Posts filed under Alfred Hitchcock

Blackmail… Sound or Silent?

Following on from yesterday’s post, here’s another archive clipping about Blackmail (1929) from the Hull Daily Mail (11/Sep/1929)… SOUND v. SILENT FILM VOTE. BERLIN, Tuesday. The first showing in Berlin of the British International Pictures production, “Blackmail,” was used to test the feeling of the public here on the vocal film. The whole work was passed twice across the screen, once with and once without the voices, and the audience, consisting mainly of people connected… (read more)

Hitchcock and Huntingtower

The list of Hitchcock projects that failed to move into production (or even pre-production) is long and relatively well documented. However, I believe this is one which has been missed by Hitchcock scholars — a project to film John Buchan’s Huntingtower. It’s well known that Hitchcock was a fan of Buchan’s novels and he would eventually adapt The Thirty-Nine Steps in 1935. It is also well-known that he considered adapting two other Richard Hanney novels… (read more)

“Frenzy”… why was the hero named Richard Blaney?

I’ve put the Hitchcock Family Tree blog posts on hold until I finish the research, but I’ll carry on with some of the trivia that I’ve unearthed… Firstly, I’ve often wondered why Hitchcock and writer Anthony Shaffer decided to change the lead character’s name in Frenzy (1972) from “Richard Blamey” (as used in the source novel) to “Richard Blaney”. Although Hitchcock books usually note the change in character name, I’m not aware that any have… (read more)

RIP: Tony Palladino, designer of the ‘Psycho’ lettering

Many thanks to Alain for alerting me to this article: Tony Palladino, Designer of ‘Psycho’ Title, Dies at 84 (New York Times). Palladino designed the original fractured “Psycho” cover typography for Bloch’s novel. According to the article, Hitchcock purchased the rights to the lettering, which was then used on most (if not all) of the original publicity material. In turn, Palladino’s fractured lettering gave the inspiration to Saul Bass to create his horizontally fractured opening… (read more)

Happy Birthday, Brigitte!

A slightly belated happy 86th birthday to French actress Brigitte Auber, who played Danielle Foussard in To Catch a Thief (1955)! According to Patrick McGillian’s biography, both Alma and Alfred grew fond of Auber during filming and she was considered for the role of Jennifer Rogers in his next film, The Trouble with Harry (1955). However, apparently, the hassle of redubbing some of the French actors in To Catch a Thief eventually put the director… (read more)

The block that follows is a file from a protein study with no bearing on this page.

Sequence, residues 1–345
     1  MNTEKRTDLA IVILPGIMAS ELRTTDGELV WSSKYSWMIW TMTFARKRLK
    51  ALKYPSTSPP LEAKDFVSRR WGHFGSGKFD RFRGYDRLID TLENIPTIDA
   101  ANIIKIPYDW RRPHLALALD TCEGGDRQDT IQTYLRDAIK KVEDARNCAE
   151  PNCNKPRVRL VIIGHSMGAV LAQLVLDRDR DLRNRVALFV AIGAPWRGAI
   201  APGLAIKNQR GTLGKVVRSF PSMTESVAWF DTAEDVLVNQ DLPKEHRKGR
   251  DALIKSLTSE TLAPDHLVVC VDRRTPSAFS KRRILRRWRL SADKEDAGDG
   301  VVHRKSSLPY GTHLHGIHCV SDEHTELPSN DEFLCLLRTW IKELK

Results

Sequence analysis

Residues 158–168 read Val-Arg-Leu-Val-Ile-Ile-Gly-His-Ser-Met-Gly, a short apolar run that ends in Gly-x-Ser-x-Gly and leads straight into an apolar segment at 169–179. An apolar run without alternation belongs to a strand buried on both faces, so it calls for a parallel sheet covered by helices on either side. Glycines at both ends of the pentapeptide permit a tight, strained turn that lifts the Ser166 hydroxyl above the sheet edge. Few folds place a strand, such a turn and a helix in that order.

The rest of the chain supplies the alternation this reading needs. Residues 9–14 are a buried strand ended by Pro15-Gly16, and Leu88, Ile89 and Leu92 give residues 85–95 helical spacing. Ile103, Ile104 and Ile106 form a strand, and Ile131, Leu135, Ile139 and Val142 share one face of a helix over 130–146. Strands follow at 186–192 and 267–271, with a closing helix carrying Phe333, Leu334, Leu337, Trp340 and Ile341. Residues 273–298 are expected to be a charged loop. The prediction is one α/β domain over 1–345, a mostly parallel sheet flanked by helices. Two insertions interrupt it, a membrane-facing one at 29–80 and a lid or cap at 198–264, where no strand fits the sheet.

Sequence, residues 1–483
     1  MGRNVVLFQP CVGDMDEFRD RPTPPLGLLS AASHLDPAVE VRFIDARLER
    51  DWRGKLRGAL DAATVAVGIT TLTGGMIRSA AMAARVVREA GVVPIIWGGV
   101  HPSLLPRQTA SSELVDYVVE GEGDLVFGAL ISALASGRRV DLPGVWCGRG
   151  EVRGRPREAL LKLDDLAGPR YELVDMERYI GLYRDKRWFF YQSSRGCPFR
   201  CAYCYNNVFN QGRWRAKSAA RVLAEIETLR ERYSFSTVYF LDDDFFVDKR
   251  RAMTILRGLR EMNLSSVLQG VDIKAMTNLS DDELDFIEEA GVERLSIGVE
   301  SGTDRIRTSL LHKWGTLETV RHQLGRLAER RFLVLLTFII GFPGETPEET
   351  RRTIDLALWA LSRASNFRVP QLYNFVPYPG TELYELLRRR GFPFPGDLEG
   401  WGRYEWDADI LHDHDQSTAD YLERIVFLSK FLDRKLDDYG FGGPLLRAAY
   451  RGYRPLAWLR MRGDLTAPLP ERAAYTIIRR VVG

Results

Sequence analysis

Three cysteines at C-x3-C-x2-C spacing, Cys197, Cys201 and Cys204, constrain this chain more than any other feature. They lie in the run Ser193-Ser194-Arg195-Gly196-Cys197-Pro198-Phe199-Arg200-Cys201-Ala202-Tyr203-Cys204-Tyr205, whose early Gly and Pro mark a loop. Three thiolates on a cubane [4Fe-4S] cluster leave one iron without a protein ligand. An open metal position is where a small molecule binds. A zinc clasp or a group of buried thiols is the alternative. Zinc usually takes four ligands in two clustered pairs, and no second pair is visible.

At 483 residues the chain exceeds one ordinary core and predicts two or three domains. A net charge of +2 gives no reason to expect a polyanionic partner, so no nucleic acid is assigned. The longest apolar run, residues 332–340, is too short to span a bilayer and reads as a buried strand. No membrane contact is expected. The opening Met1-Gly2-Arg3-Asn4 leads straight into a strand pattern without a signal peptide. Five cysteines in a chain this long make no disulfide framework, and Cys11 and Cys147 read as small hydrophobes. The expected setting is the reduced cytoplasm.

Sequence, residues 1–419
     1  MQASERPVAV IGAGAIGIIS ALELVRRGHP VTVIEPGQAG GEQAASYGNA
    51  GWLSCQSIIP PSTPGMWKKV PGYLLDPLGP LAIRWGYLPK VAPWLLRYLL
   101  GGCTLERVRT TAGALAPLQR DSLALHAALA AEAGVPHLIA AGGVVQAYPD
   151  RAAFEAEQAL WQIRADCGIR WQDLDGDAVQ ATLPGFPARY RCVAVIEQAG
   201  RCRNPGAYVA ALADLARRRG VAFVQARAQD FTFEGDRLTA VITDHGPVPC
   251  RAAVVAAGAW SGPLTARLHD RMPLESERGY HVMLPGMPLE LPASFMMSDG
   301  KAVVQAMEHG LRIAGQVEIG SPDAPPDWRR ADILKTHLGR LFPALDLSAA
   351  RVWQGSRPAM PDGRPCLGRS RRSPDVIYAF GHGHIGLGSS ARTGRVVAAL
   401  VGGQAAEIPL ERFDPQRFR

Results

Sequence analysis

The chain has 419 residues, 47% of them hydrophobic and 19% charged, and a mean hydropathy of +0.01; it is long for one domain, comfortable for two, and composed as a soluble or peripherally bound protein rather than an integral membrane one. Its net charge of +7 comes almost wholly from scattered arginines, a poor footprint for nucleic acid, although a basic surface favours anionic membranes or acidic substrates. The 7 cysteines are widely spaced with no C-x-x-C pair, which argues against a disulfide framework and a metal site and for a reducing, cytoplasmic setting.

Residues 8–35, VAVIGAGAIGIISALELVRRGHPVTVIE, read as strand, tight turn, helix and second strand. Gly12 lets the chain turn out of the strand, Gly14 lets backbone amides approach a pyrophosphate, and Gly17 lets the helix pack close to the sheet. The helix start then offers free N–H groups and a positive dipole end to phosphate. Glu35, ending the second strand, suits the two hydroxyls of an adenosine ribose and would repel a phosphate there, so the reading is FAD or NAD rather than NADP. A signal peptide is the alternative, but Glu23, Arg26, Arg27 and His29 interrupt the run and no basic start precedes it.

The US National Film Registry

Many thanks to Donna for leaving this comment on the wiki: There are still lots of Hitchcock titles eligible for the National Film Registry, so submit your nominations today. Since the Registry was established to ensure the preservation of our American film heritage, it’s best to stick with the director’s US productions. For more information on the nomination process, go to Donna Ross Library of Congress National Film Registry For more info about the… (read more)

“Elstree Calling” DVD screenshots

My copy of the Elstree Calling (1930) DVD has arrived, so I’ve given the disc a quick spin. As expected, the quality of the transfer is a step up from the various bootleg DVDs (which were taken from VHS recordings of a UK Channel 4 broadcast) although there’s plenty of print damage throughout the film, from scratches to film shrinkage. The film is an interesting curio that Hitchcock completists will want in their collection, although… (read more)

“Smooth skin – the Open Sesame to screen loveliness”

Time for a commercial break and a quick word from Hitchcock’s sponsors! Here’s a fun advert, taken from the Yorkshire Evening Post newspaper (01/May/1929)… Alfred Hitchcock, director for British International Pictures Ltd., says — “Smooth skin — the Open Sesame to screen loveliness” “The girl who goes into pictures — and makes good — looks after her skin. For it is useless to rely on make-up. The skin underneath must be smooth, flowerlike, beautiful, to… (read more)

Andy Schummer of Sherman Oaks, California

As I’ve said before, I love finding fun bits of Hitchcock trivia and here’s a bit of trivia from To Catch a Thief (1955)! This photograph shows Grace Kelly and Alfred Hitchcock outside the Hotel Carlton in Cannes talking to an unnamed man in uniform. With a little bit of online detective work, I’ve found out that he’s named Andy Schummer and came from Sherman Oaks in California. Schummer was interested in becoming an actor… (read more)